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Daniel Conley

Daniel Conley


Daniel Conley

Factors regulating the coastal nutrient filter in the Baltic Sea


  • Jacob Carstensen
  • Daniel J. Conley
  • Elin Almroth-Rosell
  • Eero Asmala
  • Erik Bonsdorff
  • Vivi Fleming-Lehtinen
  • Bo G. Gustafsson
  • Camilla Gustafsson
  • Anna Stiina Heiskanen
  • Urzsula Janas
  • Alf Norkko
  • Caroline Slomp
  • Anna Villnäs
  • Maren Voss
  • Mindaugas Zilius

Summary, in English

The coastal zone of the Baltic Sea is diverse with strong regional differences in the physico-chemical setting. This diversity is also reflected in the importance of different biogeochemical processes altering nutrient and organic matter fluxes on the passage from land to sea. This review investigates the most important processes for removal of nutrients and organic matter, and the factors that regulate the efficiency of the coastal filter. Nitrogen removal through denitrification is high in lagoons receiving large inputs of nitrate and organic matter. Phosphorus burial is high in archipelagos with substantial sedimentation, but the stability of different burial forms varies across the Baltic Sea. Organic matter processes are tightly linked to the nitrogen and phosphorus cycles. Moreover, these processes are strongly modulated depending on composition of vegetation and fauna. Managing coastal ecosystems to improve the effectiveness of the coastal filter can reduce eutrophication in the open Baltic Sea.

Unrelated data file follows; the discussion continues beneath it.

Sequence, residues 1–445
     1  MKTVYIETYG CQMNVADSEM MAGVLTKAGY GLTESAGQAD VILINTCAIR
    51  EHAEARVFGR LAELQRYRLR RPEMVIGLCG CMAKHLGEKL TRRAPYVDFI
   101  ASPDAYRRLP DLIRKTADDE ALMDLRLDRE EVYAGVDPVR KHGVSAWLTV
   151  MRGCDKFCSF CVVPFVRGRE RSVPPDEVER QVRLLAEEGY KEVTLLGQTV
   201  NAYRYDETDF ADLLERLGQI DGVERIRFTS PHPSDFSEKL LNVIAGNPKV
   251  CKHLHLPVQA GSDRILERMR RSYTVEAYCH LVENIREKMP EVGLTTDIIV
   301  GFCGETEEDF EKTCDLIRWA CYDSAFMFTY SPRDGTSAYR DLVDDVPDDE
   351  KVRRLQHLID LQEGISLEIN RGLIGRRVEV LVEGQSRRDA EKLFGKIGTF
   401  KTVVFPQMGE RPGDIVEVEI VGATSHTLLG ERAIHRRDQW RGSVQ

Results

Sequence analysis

• Quaternary Sciences

Publishing year





Ambio: a Journal of the Human Environment

Document type

Journal article review




  • Environmental Sciences


  • Biogeochemistry
  • Climate change
  • Coastal filter
  • Eutrophication
  • Hypoxia
  • Nutrient management




  • ISSN: 0044-7447